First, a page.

43 Paolo Mauro, “Why Worry about Corruption?” Washington: International Monetary Fund (February 1997), 7.
44 Hanousek, Jan and Palda, Filip, “Quality of Government Services and the Civic Duty to Pay Taxes in the Czech and Slovak Republics, and Other Transition Countries” Kyklos 57 (May 2004).
45 Uslaner, Eric M., “Trust and Corruption,” in Lambsdorf, Johann Graf, Taube, Markus, and Schramm, Matthias, eds., Corruption and the New Institutional Economics (London: Routledge, 2004); Uslaner (fn. 22).
46 Eric M. Uslaner and Gabriel Badescu, “Making the Grade in Transition: Equality, Transparency, Trust, and Fairness” (Manuscript, University of Maryland—College Park, 2005). The data on Estonia have not been reported in any publication. They will be discussed in Uslaner, “The Bulging Pocket and the Rule of Law: Corruption, Inequality, and Trust” (Book manuscript in preparation).
47 Daniel Eek and Bo Rothstein, “Exploring a Causal Relationship between Vertical and Horizontal Trust” (Paper presented at the conference “Trust and Democracy: A Multidisciplinary Perspective,” Department of Economics, Department of Political Science, and Department of Psychology, Göteborg University, Göteborg, Sweden, May 19–20, 2005). The report itself has data only about Swedish students. The data from our scenario experiments with the Romanian students have just been analyzed and confirm the result from the experiments conducted in Sweden.
48 Stoyanov, Alexander, Pavlikianova, Maragarita, Nontchev, Andrej, and Krasteva, Galja, “Bulgaria: Political and Economic Crisis; Democratic Consolidation,” in Mason, David S. and Kluegel, James L., eds., Marketing Democracy (Lanham, Md.: Rowman and Littlefield, 2000).
49 James R. Kluegel and David S. Mason, “Market Justice in Transition,” in Mason and Kluegel (fn. 48), 167; cf. Antal Orkeney, “Trends in Perceptions of Social Inequality in Hungary, 1991–1996,” in Mason and Kluegel, 109.
50 Csepeli, György, Orkeney, Antal, Szekelyi, Maria, and Barna, Ildikó, “Blindness to Success: Social Psychological Objectives along the Way to a Market Economy in Eastern Europe,” in Kornai, J., Rothstein, B., and Rose-Ackerman, S., eds., Creating Social Trust in Post-Socialist Transition (New York: Palgrave/Macmillan, 2004).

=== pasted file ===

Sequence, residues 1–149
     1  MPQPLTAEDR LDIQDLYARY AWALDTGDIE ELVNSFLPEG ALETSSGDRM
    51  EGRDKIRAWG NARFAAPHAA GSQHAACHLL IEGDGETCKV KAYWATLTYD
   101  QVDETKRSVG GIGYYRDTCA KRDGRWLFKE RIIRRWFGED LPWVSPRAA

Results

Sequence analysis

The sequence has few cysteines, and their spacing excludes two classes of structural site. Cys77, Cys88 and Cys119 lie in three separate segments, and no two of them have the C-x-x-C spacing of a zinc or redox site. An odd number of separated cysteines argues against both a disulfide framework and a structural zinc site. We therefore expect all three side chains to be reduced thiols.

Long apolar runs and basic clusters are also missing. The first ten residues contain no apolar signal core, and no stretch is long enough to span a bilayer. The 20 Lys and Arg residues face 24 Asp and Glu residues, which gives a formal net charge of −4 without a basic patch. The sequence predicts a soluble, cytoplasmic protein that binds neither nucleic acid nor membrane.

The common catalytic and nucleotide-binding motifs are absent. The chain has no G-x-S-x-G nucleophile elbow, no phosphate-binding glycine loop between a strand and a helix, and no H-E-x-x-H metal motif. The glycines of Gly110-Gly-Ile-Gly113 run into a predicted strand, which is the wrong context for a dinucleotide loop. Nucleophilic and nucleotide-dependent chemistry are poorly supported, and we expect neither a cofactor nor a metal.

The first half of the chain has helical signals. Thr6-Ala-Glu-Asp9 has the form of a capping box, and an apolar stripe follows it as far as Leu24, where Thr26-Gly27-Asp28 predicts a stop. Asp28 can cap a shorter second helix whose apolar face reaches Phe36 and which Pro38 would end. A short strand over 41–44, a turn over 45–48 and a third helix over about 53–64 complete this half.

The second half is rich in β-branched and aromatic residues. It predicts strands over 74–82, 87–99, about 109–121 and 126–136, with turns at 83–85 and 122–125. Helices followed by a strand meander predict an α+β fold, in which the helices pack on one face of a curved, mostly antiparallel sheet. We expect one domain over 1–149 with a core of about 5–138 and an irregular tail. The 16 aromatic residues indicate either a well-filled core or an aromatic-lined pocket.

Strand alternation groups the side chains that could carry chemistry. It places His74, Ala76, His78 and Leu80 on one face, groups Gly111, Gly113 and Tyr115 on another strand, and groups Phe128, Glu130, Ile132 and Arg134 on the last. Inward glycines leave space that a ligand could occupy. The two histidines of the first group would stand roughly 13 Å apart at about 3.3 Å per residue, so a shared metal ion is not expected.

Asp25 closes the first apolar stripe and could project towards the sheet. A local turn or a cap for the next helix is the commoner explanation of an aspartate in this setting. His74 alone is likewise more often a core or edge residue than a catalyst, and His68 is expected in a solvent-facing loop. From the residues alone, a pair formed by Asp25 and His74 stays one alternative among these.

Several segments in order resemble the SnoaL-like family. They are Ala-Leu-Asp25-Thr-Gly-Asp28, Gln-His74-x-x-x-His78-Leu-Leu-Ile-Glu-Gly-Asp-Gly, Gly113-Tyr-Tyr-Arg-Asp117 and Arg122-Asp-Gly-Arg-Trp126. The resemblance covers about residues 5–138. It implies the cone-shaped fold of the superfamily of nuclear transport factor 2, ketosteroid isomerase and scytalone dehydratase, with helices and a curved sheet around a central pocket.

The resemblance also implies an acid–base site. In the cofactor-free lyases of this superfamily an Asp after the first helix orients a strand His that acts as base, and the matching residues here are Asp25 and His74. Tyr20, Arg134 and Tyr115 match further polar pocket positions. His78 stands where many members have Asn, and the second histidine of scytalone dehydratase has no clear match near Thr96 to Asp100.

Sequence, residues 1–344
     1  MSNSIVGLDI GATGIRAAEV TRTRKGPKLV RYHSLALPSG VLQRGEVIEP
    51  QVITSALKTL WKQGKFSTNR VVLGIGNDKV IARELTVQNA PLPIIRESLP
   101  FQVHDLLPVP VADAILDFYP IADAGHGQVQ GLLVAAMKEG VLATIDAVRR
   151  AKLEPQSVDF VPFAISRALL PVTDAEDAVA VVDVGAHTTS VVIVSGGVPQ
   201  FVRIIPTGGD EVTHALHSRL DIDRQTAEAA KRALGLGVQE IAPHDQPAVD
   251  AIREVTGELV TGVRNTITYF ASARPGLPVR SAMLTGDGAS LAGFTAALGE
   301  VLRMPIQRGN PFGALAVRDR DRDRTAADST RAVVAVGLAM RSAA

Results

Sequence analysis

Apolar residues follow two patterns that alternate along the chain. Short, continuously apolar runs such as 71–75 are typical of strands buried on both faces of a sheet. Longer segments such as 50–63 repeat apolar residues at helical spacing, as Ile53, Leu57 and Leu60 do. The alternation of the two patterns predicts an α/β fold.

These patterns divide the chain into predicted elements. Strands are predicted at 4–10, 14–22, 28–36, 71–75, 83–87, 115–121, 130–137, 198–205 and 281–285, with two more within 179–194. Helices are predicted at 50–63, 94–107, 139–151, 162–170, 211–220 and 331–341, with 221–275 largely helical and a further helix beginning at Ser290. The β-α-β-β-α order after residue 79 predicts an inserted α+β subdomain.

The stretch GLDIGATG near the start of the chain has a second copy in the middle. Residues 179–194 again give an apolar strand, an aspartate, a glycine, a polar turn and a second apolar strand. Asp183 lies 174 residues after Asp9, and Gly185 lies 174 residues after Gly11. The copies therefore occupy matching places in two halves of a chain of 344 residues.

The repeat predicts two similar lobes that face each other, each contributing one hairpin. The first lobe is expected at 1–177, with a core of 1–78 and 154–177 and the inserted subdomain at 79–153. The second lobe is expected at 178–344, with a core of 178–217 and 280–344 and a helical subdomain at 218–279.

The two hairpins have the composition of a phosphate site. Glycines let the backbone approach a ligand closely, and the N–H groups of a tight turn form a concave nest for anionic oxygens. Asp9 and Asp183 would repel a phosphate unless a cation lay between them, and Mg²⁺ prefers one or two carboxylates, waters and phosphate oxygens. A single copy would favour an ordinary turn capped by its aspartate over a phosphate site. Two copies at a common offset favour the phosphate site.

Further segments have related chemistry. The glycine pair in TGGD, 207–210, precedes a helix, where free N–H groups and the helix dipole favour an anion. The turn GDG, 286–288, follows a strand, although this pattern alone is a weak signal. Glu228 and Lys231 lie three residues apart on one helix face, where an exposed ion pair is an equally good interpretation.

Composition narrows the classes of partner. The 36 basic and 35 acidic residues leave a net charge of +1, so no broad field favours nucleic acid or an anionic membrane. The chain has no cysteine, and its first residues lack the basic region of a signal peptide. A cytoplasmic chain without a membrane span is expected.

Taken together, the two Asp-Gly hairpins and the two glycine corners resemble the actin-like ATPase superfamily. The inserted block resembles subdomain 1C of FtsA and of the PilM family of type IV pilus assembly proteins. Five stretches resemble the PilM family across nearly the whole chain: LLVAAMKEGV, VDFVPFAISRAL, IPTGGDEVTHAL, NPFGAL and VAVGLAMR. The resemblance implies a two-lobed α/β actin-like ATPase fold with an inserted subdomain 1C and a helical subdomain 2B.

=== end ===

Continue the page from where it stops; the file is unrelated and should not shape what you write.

51 Orkeney, Antal and Szekelyi, Maria, “Views on Social Inequality and the Role of the State: Post transformation Trends in Eastern and Central Europe,” Social Justice Research 13 (2000), 206, 208.
52 Csepeli et al. (fn. 50).
53 Uslaner and Badescu (fn. 46).
54 Larry Rother, “Where Taxes Aren't So Certain,” New York Times, March 21, 1999, 3.
55 Janos Kornai, “Hidden in an Envelope: Gratitude Payments to Medical Doctors in Hungary” (2000), at http://www.colbud.hu/honesty-trust/kornai/pub01.PDF.
56 Rafael DiTella and Robert MacCuIloch, “Why Doesn't Capitalism Flow to Poor Countries?” (Manuscript, Harvard Business School, 2003).
57 Flora, Peter, ed., Growth to Limits: The Western European Welfare States since World War II, vol. 1 (Berlin: de Gruyter, 1986); cf. Tilly, Charles, Coercion, Capital, and European States, AD 990–1900 (Ox ford: Blackwell, 1992).
58 Tilly (fn. 57), 27.
59 Knudsen, Tim, Dansk statsbygning (Copenhagen: Jurist- og Økonomforbundets Forlag, 1995).
60 Knudsen, Tim and Rothstein, Bo, “State-Building in Scandinavia” Comparative Politics 26 (January 1994); Knudsen, Tim and Tamm, Ditlev, eds., Dansk forvaltningshistorie indtil 1901 (Copenhagen: Jurist- og Økonomforbundets Forlag, 2000).
61 Cf. Olsson, Sven E., Social Policy and Welfare State in Sweden (Lund: Arkiv, 1993).
62 Elvander, Nils, Scandinavian Social Democracy: Its Strength and Weakness (Stockholm: Almqvist & Wiksell International, 1979).
63 This is how the agents of the time, both union leaders and the leaders from the employers' federation, described what happened in the mid-1930s; see Rothstein, Bo, Social Traps and the Problem of Trust (Cambridge: Cambridge University Press, 2005), chap. 7. Of particular importance was that the leaders of the Social Democratic Party could make “credible commitments” toward the Employers' Federation that they would not use their political power over the state administration to favor the union side, for example, in labor disputes.
64 Rothstein (fn. 63); cf. Katzenstein, Peter J., Small States in World Markets: Industrial Policy in Europe (Ithaca, N.Y.: Cornell University Press, 1985).
65 Rothstein (fn. 9); Korpi and Palme (fn. 14).
66 Swank, Duane, Global Capital, Political Institutions, and Policy Change in Developed Welfare States (New York: Cambridge University Press, 2002).
67 Äberg, Rune, “Distributive Mechanism of the Welfare State” European Sociological Review 5 (April 1989); Moene, Karl-Ove and Wallerstein, Michael, “Targeting and Political Support for Welfare Spending,” Economics of Governance 2 (March 2001).
68 Korpi and Palme (fn. 14); Swank (fn. 66).
69 Rothstein (fn. 9); Swank (fn. 66).
70 Kumlin, Staffan and Rothstein, Bo, “Making and Breaking Social Capital: The Impact of Welfare State Institutions” Comparative Political Studies 38 (May 2005).
71 Soss, Joe, “Lessons of Welfare: Policy Design, Political Learning, and Political Action” American Political Science Review 93 (June 1999).
72 Soss, Joe, Unwanted Claims: The Politics of Participation in the U.S. Welfare System (Ann Arbor: University of Michigan Press, 2000), 46.
73 Ibid., 99.
74 Ibid., 144–45, 154.
75 Uslaner (fn. 1), 100. The model is based upon Uslaner (fn. 1), 100. We dropped trust in government as a predictor since it is likely endogenous to receipt of means-tested benefits; see Soss (fn. 71). For a description of the measures, see Uslaner (fn. 1), 99–101.
76 Rothstein, Bo and Stolle, Dietlind, “Social Capital, Impartiality, and the Welfare State: An Institutional Approach,” in Hooghe, M. and Stolle, D., eds., Generating Social Capital: The Role of Voluntary Associations, Institutions and Government Policy (New York: Palgrave/Macmillan, 2003).